Jennie dropped me of in Keele village, and I resumed walking vaguely towards Brighton. First of all I wandered through the university campus. I had expected my ‘marketing mind’ to kick in, evaluating USPs and other quanta of desire, but I never really felt I’d arrived at the actual university. Some of it seemed almost abandoned, though the some of the older buildings were attractive, leading to a fantasy of romanticised students playing Secret/Midnight Garden games on moonlit lawns.

Then I was walking out down a treelined avenue, through some woods right alongside the motorway, and under the M6.

I passed some forbidding farm buildings, then followed an overgrown path to a short and scary stretch of A-road. (Perhaps not surprising that the path was overgrown as it only leads to a bend where hurtling death-machines accelerate towards you, with nowhere to retreat except hedges that springily force one outwards…)

But this brought me to a road with a cool name (adorned with sadly deflated balloons):

From there I walked through Swynnerton Old Park and Hanchurch Heath, experiencing major deja vu – I’m convinced that J and I walked here, back in the mid-90s when we did such things, perhaps in a route from a magazine.

Here I found a sign about woodland donated by Lord Stafford for the ‘perpetual enjoyment’ of the people, a nice concept, like perpetual motion. I contributed my share of enjoyment, got slightly lost, found another overgrown pathway which led to a filed of head-high rape. I detoured around this, and eventually recrossed the motorway, three hours after first crossing it (having made a journey that would be a few heedless minutes on the motorway itself.)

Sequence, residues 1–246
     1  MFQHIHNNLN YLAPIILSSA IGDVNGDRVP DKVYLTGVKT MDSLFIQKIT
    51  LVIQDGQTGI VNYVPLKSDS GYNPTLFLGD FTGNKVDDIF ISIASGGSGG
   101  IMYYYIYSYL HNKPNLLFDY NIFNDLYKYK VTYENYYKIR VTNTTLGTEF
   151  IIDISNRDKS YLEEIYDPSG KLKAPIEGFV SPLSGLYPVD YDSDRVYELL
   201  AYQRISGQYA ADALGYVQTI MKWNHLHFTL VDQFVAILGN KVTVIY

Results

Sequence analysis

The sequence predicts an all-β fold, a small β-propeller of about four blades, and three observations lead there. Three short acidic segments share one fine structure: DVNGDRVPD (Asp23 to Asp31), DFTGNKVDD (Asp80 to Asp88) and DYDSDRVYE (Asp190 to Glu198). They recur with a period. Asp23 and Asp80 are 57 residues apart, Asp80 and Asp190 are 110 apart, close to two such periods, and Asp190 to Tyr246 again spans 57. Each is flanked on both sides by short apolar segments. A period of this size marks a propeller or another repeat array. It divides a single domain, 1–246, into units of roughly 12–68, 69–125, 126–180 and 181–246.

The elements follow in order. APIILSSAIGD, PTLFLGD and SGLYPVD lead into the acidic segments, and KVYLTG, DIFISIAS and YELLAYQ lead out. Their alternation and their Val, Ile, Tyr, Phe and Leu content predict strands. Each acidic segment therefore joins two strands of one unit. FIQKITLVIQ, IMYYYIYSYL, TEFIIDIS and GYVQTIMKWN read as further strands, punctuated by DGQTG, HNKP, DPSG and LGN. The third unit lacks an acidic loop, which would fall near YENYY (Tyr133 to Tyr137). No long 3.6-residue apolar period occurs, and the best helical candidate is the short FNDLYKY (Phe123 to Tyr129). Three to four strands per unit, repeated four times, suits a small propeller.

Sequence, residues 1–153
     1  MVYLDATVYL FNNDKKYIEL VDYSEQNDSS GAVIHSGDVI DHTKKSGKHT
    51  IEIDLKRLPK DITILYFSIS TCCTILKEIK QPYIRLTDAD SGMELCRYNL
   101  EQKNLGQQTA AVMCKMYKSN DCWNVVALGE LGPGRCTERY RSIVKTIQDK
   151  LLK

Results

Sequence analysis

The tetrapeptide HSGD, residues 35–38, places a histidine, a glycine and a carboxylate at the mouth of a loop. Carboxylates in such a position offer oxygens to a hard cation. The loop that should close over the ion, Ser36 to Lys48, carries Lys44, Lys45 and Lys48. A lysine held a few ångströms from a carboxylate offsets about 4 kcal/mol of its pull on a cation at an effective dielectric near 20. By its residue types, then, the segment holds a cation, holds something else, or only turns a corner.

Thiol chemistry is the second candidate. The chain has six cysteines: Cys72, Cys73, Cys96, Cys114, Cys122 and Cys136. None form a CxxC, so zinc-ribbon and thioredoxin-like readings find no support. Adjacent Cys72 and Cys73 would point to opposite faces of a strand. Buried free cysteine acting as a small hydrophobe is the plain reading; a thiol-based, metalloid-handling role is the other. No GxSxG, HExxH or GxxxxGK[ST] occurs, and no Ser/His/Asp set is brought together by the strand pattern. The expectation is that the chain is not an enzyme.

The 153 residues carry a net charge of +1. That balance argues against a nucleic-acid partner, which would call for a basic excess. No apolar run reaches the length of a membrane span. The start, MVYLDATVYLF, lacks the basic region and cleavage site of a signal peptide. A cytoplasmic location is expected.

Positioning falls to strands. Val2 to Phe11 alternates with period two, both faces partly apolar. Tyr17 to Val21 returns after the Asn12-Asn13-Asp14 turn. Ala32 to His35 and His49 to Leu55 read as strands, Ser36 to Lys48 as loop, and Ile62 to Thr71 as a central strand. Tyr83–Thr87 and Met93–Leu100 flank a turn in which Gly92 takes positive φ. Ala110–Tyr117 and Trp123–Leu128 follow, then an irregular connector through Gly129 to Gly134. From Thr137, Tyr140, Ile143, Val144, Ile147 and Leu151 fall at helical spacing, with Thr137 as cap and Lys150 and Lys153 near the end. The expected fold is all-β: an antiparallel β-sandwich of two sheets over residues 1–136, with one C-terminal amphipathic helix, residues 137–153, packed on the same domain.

I marched along beside pylons for a while, then traversed the A34 near Tittensor, fortunately with less traffic danger. The wide grassy central reservation reminded me of a story by Gene Wolfe titled (I think) ‘Three Million Square Miles’, which I read in an anthology of SF stories on environmental themes called ‘Ruins of Earth’ back in the 70s. In the story as I remember it, the protagonist searches for the vast tracts of land in the US that are simply unaccounted for, and realises that they are comprised of tiny anonymous bits of territory, odd parcels of space that don’t have a real identity or purpose, but are simply there.

I met up briefly with Jen at Barlaston, having snapped some killer material for her Democracy and Proper Drains blog. However the charms of Barlaston failed to lure us in, and I continued on alongside the Trent and Mersey canal.

(If the sprayer of this graffiti wished to denote sympathy with the Thule-Gesellschaft, Nationalsozialistische Deutsche Arbeiterpartei or other historical unpleasantness they have botched the job by drawing it the wrong way round. Still, my advice would be don’t bother having another it’s not big and it’s not clever, fool.)

After a while it became another pleasant canalside walk. Strange sounds; a distant, invisible fairground and the bass hum of an electrical installation. A Virgin train sped past, on a route I have whizzed along many times, without observing this stretch of water, this place in all its particularness.

The approach to Stone was gentle. Some new buildings offereing a ‘marketing suite’ made me feel at home (my marketing receptors sated at last.)

I finished off with a drink at the Swan, a nice pub with real-ale selection that is, according to its MySpace page, aged 47 and male.


All pictures from this leg

Start 53.005288, -2.289468
Finish 52.899530, -2.146720

13.4 miles of Staffordshire loveliness

28 June 2008